EDMONTON - In response to the announcement of the expansion of for-profit child care under the $10-a-day child care framework agreement, child care advocacy organizations Child Care Now Alberta and Public Interest Alberta are raising concerns that the framework sacrifices quality in the system.
“Albertans are feeling the squeeze from the rampant affordability crisis,” said Susan Cake, Chair of Child Care Now Alberta. “It makes sense that any announcement that means a reduction in the often-astronomical costs of child care is a welcome one. However, the devil is in the details and we are concerned that this framework will have long-term implications for workers in the child care sector and for the quality of the care that children receive.”
“Plainly, we do not have the workforce necessary for the expansion of child care spaces,” added Cake. “So while it could be great that we will have 20,000 more spaces for children in Alberta, we need a concrete plan to staff these spaces. We need a plan to educate more Early Childhood Educators and we need a wage grid, inclusive of pensions and benefits, to ensure fair compensation across the province.”
“Quite frankly, we’re disappointed in the expansion of the agreement to for-profit centres at all,” said Bradley Lafortune, Executive Director of Public Interest Alberta. “All child care spaces in our province should be non-profit. Profits have no place in care.”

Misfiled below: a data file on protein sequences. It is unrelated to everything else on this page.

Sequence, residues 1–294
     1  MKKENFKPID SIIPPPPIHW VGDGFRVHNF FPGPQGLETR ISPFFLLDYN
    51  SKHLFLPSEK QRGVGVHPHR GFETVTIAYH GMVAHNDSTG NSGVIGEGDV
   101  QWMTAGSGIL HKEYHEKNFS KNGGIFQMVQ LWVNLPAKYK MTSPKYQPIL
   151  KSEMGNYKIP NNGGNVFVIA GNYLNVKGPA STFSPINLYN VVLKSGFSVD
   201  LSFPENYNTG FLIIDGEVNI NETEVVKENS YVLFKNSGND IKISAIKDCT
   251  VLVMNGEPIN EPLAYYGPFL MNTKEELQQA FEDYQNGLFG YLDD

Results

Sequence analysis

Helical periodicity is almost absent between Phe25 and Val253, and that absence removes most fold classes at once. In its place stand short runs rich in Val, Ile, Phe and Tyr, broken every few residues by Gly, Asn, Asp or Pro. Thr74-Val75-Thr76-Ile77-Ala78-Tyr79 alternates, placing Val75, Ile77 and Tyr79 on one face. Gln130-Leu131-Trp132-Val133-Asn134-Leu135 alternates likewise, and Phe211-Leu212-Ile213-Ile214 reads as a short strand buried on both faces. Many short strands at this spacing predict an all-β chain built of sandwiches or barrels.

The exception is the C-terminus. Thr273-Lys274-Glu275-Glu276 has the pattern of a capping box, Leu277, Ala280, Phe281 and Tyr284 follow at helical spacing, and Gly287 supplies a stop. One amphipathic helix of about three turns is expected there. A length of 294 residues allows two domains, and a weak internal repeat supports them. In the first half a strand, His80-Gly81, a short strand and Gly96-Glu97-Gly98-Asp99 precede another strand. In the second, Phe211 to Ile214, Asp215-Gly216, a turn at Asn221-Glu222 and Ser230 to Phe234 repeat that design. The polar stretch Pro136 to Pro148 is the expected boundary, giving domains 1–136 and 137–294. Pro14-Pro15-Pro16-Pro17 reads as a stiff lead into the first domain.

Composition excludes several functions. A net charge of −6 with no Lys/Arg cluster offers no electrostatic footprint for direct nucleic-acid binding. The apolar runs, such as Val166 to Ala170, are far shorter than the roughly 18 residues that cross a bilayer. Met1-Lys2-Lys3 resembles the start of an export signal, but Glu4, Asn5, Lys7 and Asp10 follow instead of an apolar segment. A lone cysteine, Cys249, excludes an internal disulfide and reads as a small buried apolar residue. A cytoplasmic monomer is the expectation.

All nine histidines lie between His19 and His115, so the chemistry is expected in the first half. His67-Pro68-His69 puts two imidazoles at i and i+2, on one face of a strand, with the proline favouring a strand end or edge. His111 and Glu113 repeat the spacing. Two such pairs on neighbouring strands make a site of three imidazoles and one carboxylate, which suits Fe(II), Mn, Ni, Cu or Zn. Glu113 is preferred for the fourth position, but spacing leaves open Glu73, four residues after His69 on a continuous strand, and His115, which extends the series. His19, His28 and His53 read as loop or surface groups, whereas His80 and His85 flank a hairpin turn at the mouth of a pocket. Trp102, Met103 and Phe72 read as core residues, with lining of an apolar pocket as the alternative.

The advocacy groups raised concerns that the cost-control framework incentivizes the creation of tiers of care, and will lead to lower-income families receiving basic care while higher-income families will be able to access quality programming.
“The framework does not specify what are “core” operations and what are “enhanced” services," said Lafortune. “It’s left up to the operators to decide. Additional parental fees for “enhanced” services will be optional, however, demand for child care still outstrips supply of spaces. This could lead to some providers only accepting families who are able to pay the “enhanced” service fees.”
“Every family in Alberta that needs it should be able to access high-quality child care, regardless of their ability to pay” said Lafortune. “This is a move in the opposite direction. We don’t want to see tiered care that pushes some families out. We can’t make quality optional.”